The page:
I already see a number of bikes in and around Takapuna and I suspect the centre has the potential to be one of the most popular destinations by bike if we were to build the supporting infrastructure it needs.

 

How could it be upgraded

The Anzac St corridor is advantaged over many other arterials in Auckland by not having to also cater for on street parking. By my estimations, the street is 24m wide giving plenty of space to play with. Below is one option for how I think the road could be upgraded while all fitting in that 24m width.

As this could take some time, AT should look at what options they could implement to get a solution like this sooner. Perhaps that means some improved footpaths

Are you familiar with Anzac St, what do you think should happen to it? Like me do you think it needs some attention?

42 comments to Anzac St in need of some attention

  • AKLDUDE

    In most places I’m all for Buslanes however it is very rare indeed (at least currently) for the stretch in blue to be congested. Probably would be a waste to put in buslane at this stage. There are other places around Takapuna that could do with some green paint.

    • Steve Cable

      in general you’re right, however at any time of the day traffic does queue back westbound from the Anzac/Taharoto lights delaying buses turning left into Fred Thomas, so I think it’s a case of targeted bus priority rather than a blanket approach

  • BBC

    It’s also unique in that it has no flush median, AT usually use them as a reason to refuse cycle facilities, citing a lack of space, yet there’s always space for a median strip.

  • Razza

    I live close by and was thinking recently how all the new development will be fronting a really poor street environment. Wider footpaths, street planting and bike lanes essential first step. Bus lanes to follow if congestion impacts on bus travel time.

    • Yes walk and bike to work, the beach, the market must be encouraged here, as well a the spatial efficiency of Transit; business as usual just cannot possibly work with the coming higher numbers of people.

      What a great place for people to live, work, and play, but not with that inefficient, low capacity, and unpleasant vehicle funnel as access.

      As shown, separated bike lanes to not only stimulate bike use, but also to make the walk appealing by separating it from the bus and car traffic. Get those buses moving efficiently and more will use them too; Takapuna will boom, and could do so without choking on traffic if we fix these streets.

    • Jezza

      We should be ahead of the curve with the bus lanes and get them in now. The problem with waiting until there is congestion is it just increases the pain for drivers when they are installed, which increases the chance of complaints that will make them harder to get approval.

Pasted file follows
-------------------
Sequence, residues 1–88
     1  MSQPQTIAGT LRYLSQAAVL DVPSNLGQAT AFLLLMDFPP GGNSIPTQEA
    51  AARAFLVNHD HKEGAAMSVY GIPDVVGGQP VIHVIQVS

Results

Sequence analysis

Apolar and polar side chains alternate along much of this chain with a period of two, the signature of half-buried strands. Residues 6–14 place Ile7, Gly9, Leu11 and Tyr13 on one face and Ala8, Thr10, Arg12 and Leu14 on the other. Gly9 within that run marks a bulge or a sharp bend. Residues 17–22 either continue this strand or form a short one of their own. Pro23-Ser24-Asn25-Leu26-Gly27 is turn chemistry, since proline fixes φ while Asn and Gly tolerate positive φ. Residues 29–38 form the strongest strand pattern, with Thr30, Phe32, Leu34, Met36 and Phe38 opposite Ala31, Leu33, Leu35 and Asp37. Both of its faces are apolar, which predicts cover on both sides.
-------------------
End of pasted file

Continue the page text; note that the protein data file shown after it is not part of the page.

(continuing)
• Warren S

    The old Gasometer site is a great location for the Waitemata third crossing (rail only) spur Takapuna Station and should be reserved by Council/ Auckland Transport for this purpose. From there it is only a short straight walk to the beach.

  • mfwic

    I think the width is actually 20m to 22m.

  • Sailor Boy

    Great post Matt, i agree about the width though, there is quite a bit of the corridor (maybe 30%) that is 21-22m.

  • Greg N

    Search ATs Website for “ATCOP” for the newer rules on Bus/T2/T3 lanes.
    AT don’t always follow their own rules however, but at least its codified somewhere in their d(r)aft Code of Practice document.

    The basic rule is that once more than 50% of the people [not vehicles] being moved in a corridor are using PT [or HOVs] and the average speed of said vehicles is too low then Bus/T3 lanes should be considered.

    But also why does the Bus lane need to be 3.6m wide, considering it has a 0.8m protected separation from cyclists? Meaning that each bus lane actually eats up 4.4m of road space.

    If road corridor space is too tight as some suggest why not reduce the width of the bus lane back to closer to regular lane width (3.0m), i nthe process saving 1.2m of road width there [over 2 lanes], to allow space for the cycleway.

    Of course as soon as you want to improve the streetscape, ATs “flow at all cost” minions will want to bang in a median strip, thus preventing any improvement for cyclists or peds. While ensuring that SOVs are never held up.